What’s a good definition of success? Some people describe others as successful because of the wealth they’ve accumulated and the ‘toys’ they’ve acquired. Sure, that can represent a reward for their achievements, but achieving is what defines those people, and defines their success.
For me, a definition of success I can work with has to be holistic. What I’m doing, the success path I choose to walk down must do four things. It must:
• be an outlet for my creative energy
• challenge my mental capacity
• be rewarding to me
• benefit others.
Think about it: creative, challenging, rewarding, giving. If it does all that, success will not just feel good, it will be easy!
What are successful people like? What do they do? I’ve seen a few in action and I can tell you that the key characteristic or skill of successful people is not knowledge so much as intuition.
Successful people are intuitive thinkers. Successful people believe in themselves and they can communicate their vision. They also embrace problems as opportunities and learn to capitalise on setbacks. It’s like the old saying, ‘If life serves you up a lemon, make lemonade!’
Look at the profile of any of the most successful people in the world, from Bill Gates to the late Kerry Packer or Rupert Murdoch, and you’ll find that they have two things in common.
Successful people are intuitive: an intuitive person sees the big picture instead of focusing on the detail. When you choose success, you need to refocus on the big picture. When you choose success, you need to redefine yourself in relation to your environment.
Successful people make rational decisions not emotional ones. We live in an environment that’s continually changing. We don’t always like changes and we tend to resist them.
But being rational is about accepting change and making decisions based on change – not clinging to the way things were or the way we wished they were.
These things aren’t generally taught at school or work. On a day-to-day basis, we may be entirely focused on the detail. And on a day-to-day basis, we certainly make emotional decisions. But success means seeing the big picture, having clarity about your environment and other people’s environments, then making rational decisions to get yourself along the path to where you want to go.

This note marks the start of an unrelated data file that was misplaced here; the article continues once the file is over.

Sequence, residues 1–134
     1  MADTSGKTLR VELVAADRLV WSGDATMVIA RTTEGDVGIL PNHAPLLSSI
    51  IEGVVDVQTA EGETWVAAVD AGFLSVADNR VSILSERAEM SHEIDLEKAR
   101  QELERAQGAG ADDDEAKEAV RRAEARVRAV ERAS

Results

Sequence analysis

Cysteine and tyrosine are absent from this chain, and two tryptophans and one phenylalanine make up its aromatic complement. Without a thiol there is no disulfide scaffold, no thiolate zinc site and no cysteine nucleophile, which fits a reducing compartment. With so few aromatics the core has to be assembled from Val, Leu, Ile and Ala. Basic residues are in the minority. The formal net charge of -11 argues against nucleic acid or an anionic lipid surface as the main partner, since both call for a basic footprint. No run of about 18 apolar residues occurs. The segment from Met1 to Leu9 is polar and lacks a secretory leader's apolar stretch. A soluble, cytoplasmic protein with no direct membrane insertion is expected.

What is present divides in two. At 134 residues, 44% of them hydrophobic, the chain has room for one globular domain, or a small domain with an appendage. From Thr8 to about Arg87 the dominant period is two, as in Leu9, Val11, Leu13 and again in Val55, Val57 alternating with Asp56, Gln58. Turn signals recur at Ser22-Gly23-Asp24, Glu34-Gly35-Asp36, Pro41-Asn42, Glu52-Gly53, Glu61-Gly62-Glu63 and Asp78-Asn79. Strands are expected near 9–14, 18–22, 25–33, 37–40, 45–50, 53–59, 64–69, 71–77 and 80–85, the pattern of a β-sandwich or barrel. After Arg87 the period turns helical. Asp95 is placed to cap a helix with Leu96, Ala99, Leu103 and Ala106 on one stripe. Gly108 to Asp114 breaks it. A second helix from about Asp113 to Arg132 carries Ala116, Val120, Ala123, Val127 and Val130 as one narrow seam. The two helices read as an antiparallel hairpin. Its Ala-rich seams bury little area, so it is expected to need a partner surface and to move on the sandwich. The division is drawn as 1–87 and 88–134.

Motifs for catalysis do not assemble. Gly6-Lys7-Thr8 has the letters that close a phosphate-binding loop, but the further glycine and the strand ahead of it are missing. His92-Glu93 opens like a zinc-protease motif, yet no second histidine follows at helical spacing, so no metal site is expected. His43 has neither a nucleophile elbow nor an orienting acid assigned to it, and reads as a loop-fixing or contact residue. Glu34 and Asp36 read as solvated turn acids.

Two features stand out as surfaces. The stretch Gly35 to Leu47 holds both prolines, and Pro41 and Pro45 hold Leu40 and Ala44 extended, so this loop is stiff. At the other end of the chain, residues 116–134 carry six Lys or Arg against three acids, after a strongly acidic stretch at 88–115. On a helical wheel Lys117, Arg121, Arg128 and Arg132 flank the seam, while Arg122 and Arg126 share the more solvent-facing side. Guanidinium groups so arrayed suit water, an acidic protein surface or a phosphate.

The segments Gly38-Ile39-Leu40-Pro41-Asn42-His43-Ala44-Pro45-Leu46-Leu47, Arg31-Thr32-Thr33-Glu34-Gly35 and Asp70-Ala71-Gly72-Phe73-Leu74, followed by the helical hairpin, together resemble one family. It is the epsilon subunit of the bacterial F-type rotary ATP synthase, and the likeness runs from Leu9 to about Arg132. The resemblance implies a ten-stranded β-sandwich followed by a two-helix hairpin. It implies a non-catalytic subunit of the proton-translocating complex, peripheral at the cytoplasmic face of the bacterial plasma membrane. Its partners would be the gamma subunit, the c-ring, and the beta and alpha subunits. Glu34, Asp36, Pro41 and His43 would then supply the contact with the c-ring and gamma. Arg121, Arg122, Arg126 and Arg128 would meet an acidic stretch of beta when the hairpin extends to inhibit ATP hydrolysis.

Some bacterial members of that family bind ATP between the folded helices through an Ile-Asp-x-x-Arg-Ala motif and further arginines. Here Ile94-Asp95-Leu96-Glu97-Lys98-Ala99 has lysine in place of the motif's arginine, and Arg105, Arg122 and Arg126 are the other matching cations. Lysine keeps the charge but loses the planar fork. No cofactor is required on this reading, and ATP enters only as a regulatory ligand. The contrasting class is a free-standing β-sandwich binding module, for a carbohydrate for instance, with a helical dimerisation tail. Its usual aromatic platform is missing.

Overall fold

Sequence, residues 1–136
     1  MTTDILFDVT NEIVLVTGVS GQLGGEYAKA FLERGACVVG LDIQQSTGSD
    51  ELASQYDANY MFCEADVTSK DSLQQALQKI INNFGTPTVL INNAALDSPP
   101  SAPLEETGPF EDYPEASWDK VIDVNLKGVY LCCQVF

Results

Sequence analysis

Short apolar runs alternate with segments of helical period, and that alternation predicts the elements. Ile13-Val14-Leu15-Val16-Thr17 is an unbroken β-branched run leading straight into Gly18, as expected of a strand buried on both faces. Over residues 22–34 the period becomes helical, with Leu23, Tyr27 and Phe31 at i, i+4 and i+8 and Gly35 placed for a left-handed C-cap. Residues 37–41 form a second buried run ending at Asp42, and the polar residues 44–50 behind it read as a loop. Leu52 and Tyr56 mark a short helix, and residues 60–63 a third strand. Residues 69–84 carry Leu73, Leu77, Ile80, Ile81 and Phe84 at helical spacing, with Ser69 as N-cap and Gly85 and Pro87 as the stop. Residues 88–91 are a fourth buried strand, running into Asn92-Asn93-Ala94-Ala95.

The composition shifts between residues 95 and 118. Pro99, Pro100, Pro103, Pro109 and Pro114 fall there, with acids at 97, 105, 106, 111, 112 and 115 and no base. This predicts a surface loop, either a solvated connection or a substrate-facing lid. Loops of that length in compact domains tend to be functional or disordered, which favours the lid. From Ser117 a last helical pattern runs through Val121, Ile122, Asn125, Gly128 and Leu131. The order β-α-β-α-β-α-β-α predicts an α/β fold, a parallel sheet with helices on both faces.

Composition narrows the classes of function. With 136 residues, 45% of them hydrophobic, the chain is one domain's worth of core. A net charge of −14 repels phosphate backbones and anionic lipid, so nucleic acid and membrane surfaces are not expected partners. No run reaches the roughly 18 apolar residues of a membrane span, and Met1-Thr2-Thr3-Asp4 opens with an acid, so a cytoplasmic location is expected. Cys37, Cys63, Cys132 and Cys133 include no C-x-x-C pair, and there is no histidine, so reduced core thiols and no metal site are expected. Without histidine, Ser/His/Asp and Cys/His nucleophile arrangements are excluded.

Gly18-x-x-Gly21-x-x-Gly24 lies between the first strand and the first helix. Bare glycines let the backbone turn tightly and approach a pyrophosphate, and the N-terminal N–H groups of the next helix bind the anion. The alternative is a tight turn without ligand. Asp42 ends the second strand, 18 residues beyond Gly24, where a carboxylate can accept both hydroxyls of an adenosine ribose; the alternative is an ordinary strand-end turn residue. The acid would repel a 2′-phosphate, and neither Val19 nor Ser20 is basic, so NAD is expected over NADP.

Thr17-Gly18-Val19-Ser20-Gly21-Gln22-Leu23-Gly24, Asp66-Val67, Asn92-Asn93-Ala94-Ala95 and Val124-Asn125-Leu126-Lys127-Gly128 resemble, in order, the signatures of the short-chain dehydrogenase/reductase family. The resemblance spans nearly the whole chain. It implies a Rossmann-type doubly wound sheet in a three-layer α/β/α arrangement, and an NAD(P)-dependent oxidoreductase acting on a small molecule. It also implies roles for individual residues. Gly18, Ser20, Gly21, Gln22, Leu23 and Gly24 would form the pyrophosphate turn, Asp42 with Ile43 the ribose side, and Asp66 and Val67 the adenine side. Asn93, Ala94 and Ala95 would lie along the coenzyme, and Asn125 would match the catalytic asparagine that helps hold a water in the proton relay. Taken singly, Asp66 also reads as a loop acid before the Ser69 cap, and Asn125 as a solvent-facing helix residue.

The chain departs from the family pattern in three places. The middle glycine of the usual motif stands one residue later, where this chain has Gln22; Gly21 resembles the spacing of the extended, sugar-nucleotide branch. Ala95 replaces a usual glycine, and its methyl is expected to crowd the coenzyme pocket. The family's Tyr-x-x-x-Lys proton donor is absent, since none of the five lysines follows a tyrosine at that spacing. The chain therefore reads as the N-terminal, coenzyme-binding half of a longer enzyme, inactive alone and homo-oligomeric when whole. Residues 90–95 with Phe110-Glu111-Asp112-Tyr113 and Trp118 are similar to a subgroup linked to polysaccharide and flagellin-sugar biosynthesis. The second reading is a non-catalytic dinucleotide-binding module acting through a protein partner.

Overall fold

When I first went into business, I began to tune into successful people. I met a lot of people in the real estate industry, some of whom were successful and some of whom quite spectacularly weren’t. I wanted to find out what made the successful people tick and to duplicate their success formula. That in itself started me on the path, associating with successful people so that I could learn from their success, learn from their experiences, and pick up that positive energy.
Successful people have positive energy: that’s another thing successful people do that unsuccessful people don’t. They look at things positively, optimistically. They look at what can be. Unsuccessful people often look at things pessimistically, telling themselves why it can’t happen, why it won’t happen. Are those the kind of people we want to be? Are those the kind of people we want to have around us?
Successful people aren’t different: they do things differently. So my message to you is: you can do this once you learn how. You can do it at any age and you can do it despite your past. Think about Colonel Harlan Sanders who set up Kentucky Fried Chicken (KFC) at the age of 65, or Ray Kroc who founded McDonald's in his 50s, or Henry Ford, who if he died at age 40 would have died broke and been forgotten as a failure.
Once when I was in Africa, I saw an amazing animal – an impala. It can jump three metres high and five metres long, but if you go to a zoo, you will see the impala’s enclosure has a fence that’s only one metre high. Why? Because the impala won’t jump over anything if it can’t see where its feet will land.
Are you a person who won’t jump over a hurdle unless you can see where your feet will land? Think about it: you’re about to embark on a wealth building program. What might be keeping you behind the fence?
Let me encourage you to leap even if you take it easy at first. It’s important to leap because the path to success is full of obstacles, challenges and tests. And they’re not there just to make you stumble. They’re there to prepare you, train you, and point you down your continuing path. There’s no such thing as failure, only sign-posts that will help you to keep improving, striving and pushing towards your goal.
You’ll hear plenty of talk about failure, risk and limits. People do that to you but you don’t have to do it yourself.